If Abby Wambach, Alex Morgan and the rest of the United States women’s national team have been the target of some of the harping and hand wringing on the part of soccer analysts and fans about their not-quite-ready-for-prime-time status, they don’t seem to be buying it.
"It’s like I told everyone after we played France and England: Everyone just relax,” Wambach said in advance of USA’s opening match against Norway in the 22nd Algarve Cup on Wednesday (live now on FOX Sports 1 and FOX Sports Go).
A year ago, what happened to the United States on the southern shores of Portugal set the stage for a white-knuckle ride to the 2015 Women’s World Cup. A seventh-place finish at the 2014 Algarve Cup, plus a bit of behind-the-scenes management mystery, led to U.S. Soccer’s dismissal of head coach Tom Sermanni.
Instead of smooth and steady, the United States ushered in a very intense and short-term mission with a discernible bit of turbulence — make sure the U.S. women uphold their standing as the world’s mightiest soccer power.
The verdict on that headline issue is three months away, when the world’s No. 2-ranked team kick off the 2015 World Cup on June 8 in Winnipeg. New coach Jill Ellis will be under scrutiny for lineup decisions she faces, especially in midfield. Goalkeeper Hope Solo is fresh off a 30-day suspension that saw her miss critical playing time in tough matches in February against France, which played brilliantly for the 2-0 win, and England, which the U.S. narrowly beat 1-0.
Solo’s return was not guaranteed, given the ultimatums made by U.S. Soccer and her national team coaches. However, Ellis said Solo "is in a good place" though she "hasn’t been in training like this for the past five or six weeks."
"What Hope has and what Hope brings is experience. Our next goalkeeper (Ashlyn Harris, who got both starts in France and England) has only six international caps. In terms of game management, it is certainly an advantage to have Hope here,” Ellis said about the much-maligned goalkeeper.
The tough pairings in Europe last month followed a loss and a draw against Brazil in 2014 — a year that made it all too clear that at least five other national teams across the globe — can and have beaten the Americans on any given day. For right now, though, the U.S. women’s soccer scene is set under sunny skies at the Algarve Cup — one of the most important women’s soccer tournaments, especially in a World Cup year.
"We had a couple of rough games against France and England, but we’ve had some very intense scrimmages since we’ve been here,” forward Alex Morgan said, eager to let critics know that the United States is looking to work out their personnel issues up front and in midfield.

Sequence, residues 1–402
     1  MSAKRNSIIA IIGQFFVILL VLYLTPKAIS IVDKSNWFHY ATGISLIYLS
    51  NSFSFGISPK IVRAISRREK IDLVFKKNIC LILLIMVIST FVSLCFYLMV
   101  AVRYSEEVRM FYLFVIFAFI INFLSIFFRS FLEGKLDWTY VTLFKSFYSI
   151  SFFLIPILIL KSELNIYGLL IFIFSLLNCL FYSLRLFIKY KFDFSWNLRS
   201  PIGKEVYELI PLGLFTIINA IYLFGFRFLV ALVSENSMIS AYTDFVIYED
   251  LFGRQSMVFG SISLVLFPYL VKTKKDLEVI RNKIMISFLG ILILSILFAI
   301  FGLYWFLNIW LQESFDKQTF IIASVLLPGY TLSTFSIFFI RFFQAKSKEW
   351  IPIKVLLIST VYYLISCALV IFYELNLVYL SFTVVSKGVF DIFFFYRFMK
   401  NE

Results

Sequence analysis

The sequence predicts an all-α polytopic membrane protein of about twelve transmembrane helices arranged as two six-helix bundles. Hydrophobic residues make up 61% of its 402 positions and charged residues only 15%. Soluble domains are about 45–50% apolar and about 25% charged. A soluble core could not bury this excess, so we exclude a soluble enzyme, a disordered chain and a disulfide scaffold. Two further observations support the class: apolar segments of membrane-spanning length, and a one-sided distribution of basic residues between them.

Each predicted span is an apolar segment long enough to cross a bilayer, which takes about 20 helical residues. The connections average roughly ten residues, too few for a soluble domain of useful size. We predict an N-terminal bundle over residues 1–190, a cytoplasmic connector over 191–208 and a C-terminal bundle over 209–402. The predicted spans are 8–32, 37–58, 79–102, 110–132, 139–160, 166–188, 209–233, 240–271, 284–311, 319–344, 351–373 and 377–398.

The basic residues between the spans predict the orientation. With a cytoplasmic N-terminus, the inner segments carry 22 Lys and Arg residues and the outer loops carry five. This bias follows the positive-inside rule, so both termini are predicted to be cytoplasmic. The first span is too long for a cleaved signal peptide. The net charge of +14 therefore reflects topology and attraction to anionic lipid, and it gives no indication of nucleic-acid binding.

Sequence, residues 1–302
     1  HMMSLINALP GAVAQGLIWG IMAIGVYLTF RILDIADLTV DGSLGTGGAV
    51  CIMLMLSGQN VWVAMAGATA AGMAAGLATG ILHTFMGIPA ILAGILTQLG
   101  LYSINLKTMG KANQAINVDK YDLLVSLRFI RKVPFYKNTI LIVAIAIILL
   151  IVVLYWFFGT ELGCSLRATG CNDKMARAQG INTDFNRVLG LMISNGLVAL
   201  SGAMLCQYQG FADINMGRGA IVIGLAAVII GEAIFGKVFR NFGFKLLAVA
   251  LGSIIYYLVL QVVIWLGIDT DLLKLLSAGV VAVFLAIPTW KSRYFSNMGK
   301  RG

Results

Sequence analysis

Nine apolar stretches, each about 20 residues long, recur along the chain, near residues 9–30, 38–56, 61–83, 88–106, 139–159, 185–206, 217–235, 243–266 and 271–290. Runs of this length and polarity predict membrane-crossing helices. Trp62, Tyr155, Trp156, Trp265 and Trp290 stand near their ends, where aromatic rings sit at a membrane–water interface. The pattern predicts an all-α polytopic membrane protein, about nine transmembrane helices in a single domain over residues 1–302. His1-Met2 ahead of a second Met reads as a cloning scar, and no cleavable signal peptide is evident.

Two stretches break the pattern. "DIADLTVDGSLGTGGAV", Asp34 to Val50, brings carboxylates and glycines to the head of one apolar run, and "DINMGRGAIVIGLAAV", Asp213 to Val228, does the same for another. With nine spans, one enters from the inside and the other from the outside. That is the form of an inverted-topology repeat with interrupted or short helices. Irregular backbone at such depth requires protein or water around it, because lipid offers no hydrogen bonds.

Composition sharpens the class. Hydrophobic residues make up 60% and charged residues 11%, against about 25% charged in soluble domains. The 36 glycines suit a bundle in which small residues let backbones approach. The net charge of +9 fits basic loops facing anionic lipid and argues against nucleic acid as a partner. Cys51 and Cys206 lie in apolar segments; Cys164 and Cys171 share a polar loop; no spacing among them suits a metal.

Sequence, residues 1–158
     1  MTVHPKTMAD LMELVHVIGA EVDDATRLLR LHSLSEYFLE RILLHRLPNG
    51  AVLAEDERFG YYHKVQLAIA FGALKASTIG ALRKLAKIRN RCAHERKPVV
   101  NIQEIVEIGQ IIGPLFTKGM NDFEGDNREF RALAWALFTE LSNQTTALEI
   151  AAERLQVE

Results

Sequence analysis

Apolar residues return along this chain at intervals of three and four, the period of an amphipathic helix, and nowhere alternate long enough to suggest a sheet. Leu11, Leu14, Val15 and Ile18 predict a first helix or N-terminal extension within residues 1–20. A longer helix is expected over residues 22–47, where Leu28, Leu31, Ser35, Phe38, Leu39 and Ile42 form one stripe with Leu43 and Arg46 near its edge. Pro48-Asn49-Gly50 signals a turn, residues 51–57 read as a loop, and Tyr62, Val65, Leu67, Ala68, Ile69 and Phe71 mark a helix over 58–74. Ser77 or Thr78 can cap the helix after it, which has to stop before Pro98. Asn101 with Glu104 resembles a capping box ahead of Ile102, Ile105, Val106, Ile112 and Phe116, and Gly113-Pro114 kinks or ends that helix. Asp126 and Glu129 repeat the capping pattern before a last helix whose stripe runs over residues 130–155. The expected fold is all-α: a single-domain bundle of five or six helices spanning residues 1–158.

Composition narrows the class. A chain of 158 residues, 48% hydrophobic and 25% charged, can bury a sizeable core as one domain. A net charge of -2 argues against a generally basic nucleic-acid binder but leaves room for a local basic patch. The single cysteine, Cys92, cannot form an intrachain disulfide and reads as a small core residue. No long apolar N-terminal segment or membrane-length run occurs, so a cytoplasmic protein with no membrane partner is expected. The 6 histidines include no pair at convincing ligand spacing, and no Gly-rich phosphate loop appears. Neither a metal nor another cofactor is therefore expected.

On Tuesday, head coaches from the 12 participating Algarve Cup teams gathered in the resort town of Vilamoura in expectation. They know that for the nine Algarve participants (Germany, USA, France, Sweden, Japan, Norway, China, Brazil and Switzerland) heading to the World Cup, what happens here will help forecast lineups and odds for these powerhouses headed to Canada. Winning here can be a big omen of good fortune to come.
Wambach said the United States are fired up and competitive as players are being tested and shifted for roles. Megan Rapinoe and Christie Rampone are back from injuries, along with Solo, who must have satisfied the conditions set forth by national team staff and U.S. Soccer to return from suspension. Wambach strenuously separated what the team has been up to from what it will now have to do here in the Algarve.
"This year is totally different (from a year ago)," Wambach told reporters earlier this week. "We have a new coach and coaching staff. The team has evolved and Jill has a tough job ahead of her to work a lot of injured starters back in.”
In other words, the ghost of Algarve past is not spooking the United States, nor are the team’s foibles over the past year as it went atypically winless for long stretches.
"This tournament is very important,” Ellis said Tuesday, adding that when she was hired "not too many months ago,” her job was to put the team into the most competitive position, hence the trips to Brazil and Europe. "For me, since I’m in charge now, this was about us finding our form and putting us in the toughest environments as much as possible so that we could maximize what we can do and evaluate certain pieces,” she said.
We’ll receive a first glimpse come Wednesday night.
Laura Vecsey is a writer based in New York. She was formerly a political columnist for The Patriot-News in Pennsylvania and a sportswriter at The Baltimore Sun and the Seattle Post-Intelligencer. Follow her on Twitter.